“A Redress for Andromeda”

This week’s weird fiction.

Review: “A Redress for Andromeda”, Caitlín R. Kiernan, 2000.The Weird

I seem to recall, but am too lazy to verify, that I once heard Kiernan say on the Coode Street Podcast say that she wishes she could dispense with plot all together in her stories.

This story goes a long way in that direction.

It’s long on atmosphere and poetic prose. Kiernan does what I’ve long wished modern poets would do more of: use the beauty that can be wrought from scientific concepts and terminology. Specifically, she uses the language of geology and paleontology, the academic specialties she was trained in.

The story starts with Tara, a marine biologist, driving on Halloween night to an isolated house

where the land ends and the unsleeping, omnivorous Pacific has chewed the edge of the continent ragged.

On the porch are 111 lit jack-o’-lanterns, one for each year of the mansion’s existence.

On the porch and inside are an odd group of people. There is not only Darren, the man who invited Tara because the group needs a real scientist (the medical doctors they’ve had before don’t really count), but the oleaginous Ahmed Peterson who seems to want to talk about the dead oarfish he saw at Lyme Regis. Tara talks to him about a dead sea turtle she saw on the beach at Santa Cruz.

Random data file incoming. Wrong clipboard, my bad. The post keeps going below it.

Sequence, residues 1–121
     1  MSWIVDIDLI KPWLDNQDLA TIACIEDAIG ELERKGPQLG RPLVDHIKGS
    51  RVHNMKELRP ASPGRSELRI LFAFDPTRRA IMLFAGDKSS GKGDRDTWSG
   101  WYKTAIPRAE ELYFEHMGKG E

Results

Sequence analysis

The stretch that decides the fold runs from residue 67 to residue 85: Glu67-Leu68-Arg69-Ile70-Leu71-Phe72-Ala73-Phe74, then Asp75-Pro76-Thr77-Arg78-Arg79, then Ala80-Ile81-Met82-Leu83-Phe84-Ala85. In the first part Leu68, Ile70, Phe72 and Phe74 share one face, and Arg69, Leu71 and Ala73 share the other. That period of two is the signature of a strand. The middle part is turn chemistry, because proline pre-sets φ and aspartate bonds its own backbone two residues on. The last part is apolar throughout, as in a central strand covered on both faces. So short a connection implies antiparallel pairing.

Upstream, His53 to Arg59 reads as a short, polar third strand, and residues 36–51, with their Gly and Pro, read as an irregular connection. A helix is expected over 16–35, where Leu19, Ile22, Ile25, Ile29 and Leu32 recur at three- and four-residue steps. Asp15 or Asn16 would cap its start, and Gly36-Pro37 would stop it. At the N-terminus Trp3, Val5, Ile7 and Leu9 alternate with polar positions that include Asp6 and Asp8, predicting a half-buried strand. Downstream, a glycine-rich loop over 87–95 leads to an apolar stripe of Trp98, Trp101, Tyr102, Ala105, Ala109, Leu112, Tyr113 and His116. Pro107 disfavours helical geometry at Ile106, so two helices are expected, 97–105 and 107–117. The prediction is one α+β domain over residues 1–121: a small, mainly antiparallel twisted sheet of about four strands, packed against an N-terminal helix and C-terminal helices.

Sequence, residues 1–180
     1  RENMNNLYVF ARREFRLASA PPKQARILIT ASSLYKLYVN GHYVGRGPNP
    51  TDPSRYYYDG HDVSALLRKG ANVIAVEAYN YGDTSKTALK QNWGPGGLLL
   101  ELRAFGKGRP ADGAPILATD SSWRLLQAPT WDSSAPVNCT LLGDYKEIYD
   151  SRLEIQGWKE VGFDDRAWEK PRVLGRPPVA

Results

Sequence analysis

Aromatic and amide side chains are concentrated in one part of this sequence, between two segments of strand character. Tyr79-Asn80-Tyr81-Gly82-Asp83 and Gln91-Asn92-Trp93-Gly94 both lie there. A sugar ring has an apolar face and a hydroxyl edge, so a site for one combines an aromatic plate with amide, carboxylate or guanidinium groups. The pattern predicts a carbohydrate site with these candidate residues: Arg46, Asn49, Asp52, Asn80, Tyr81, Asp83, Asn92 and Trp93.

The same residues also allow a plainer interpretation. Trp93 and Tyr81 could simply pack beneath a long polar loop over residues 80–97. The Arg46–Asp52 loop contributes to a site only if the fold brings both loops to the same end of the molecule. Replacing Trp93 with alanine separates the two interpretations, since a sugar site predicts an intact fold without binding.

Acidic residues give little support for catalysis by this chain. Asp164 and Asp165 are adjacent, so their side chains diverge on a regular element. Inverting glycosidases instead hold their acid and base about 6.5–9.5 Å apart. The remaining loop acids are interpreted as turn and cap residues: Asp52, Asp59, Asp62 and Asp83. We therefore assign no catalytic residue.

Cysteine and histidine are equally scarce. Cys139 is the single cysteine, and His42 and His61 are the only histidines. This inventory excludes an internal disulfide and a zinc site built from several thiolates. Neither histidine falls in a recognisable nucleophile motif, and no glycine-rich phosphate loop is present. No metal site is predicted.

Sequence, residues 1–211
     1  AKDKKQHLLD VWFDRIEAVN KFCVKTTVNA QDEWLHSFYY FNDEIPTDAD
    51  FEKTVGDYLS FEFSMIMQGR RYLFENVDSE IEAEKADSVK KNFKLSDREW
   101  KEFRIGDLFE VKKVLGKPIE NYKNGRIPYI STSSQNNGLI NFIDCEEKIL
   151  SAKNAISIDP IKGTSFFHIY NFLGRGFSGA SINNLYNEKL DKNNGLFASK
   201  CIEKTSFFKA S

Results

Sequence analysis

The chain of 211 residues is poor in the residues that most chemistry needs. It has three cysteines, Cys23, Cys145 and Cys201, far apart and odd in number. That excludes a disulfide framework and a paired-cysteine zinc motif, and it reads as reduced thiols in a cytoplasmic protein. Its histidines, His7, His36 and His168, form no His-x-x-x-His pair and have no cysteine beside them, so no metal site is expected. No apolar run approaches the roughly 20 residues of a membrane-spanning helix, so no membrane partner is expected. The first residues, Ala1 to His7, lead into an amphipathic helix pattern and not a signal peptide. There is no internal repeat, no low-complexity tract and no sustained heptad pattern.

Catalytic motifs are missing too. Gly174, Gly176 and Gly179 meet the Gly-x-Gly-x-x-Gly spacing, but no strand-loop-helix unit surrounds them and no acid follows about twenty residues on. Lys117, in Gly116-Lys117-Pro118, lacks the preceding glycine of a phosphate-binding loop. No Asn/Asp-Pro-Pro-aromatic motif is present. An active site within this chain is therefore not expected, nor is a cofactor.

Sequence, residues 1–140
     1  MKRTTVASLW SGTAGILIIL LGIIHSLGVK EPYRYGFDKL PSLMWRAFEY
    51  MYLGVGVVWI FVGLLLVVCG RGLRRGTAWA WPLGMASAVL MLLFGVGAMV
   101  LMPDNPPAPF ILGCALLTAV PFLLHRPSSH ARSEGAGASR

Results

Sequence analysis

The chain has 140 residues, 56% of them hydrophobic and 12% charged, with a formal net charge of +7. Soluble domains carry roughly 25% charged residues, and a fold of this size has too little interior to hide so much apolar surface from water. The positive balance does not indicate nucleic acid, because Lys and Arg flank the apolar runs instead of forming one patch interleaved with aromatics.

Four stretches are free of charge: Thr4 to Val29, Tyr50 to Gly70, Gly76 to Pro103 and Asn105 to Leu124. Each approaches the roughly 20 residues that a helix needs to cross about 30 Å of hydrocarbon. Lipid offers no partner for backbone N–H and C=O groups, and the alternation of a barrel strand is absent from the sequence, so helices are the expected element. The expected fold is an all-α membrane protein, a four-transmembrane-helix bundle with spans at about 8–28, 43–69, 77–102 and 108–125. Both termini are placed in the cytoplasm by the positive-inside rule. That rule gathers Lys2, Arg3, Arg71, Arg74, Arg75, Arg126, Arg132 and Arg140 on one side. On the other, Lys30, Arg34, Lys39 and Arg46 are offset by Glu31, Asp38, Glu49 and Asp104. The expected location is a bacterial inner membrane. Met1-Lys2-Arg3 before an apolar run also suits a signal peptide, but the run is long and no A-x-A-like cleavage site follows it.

Everybody but Tara is dressed in black. She’s in white. And there’s the air of a rite about to happen, an atmosphere heightened when she’s given a coin and the group heads down, down a long way to a cave beneath the house.

And there, in the cavern, is a strange hybrid of marine life and woman chained to the wall. It seems she must be honored each year, by tossing those coins in the pool around the woman. That seems necessary to keep the forces of the pelagian depths from rising up.

Or, at least, that’s what it seems to me on a single reading.

But I’m not sure. Kiernan throws around a lot of lines that seem to be from nursery rhymes or songs (to be frank, my knowledge of either is pretty limited, so the allusions may be obvious to others).

I’m also not sure of whether the scenes with Darren and Tara laying in the grass — they seem to be lovers but it’s not explicit – take place before or after the night of the story.

What does seem to be clear is that Tara will join the rite next year. She’ll wear black. She’ll help carve 112 pumpkins.

The woman and title, of course, suggest the mythological Andromeda. She was raped by Cetus, at Poseidon’s request, and chained to a rock from which she is rescued by Perseus. There seems to be no rescue for this Andromeda, just propitiation. On the other hand, that is a redress of compared to the classical Andromeda.

It appears this story was the beginning of a three part series by Kiernan.

The story is memorable but yet unsatisfyingly obscure at points. Perhaps another reading will make it clearer.



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